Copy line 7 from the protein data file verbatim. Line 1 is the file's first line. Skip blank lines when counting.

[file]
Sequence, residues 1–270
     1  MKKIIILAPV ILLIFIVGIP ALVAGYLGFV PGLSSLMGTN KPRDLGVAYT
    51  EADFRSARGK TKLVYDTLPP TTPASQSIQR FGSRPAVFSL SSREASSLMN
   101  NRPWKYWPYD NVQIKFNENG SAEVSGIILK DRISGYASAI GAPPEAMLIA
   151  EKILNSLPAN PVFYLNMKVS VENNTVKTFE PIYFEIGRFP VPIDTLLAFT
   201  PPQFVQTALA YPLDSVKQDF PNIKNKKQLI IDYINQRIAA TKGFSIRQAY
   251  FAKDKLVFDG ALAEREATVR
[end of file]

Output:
   251  FAKDKLVFDG ALAEREATVR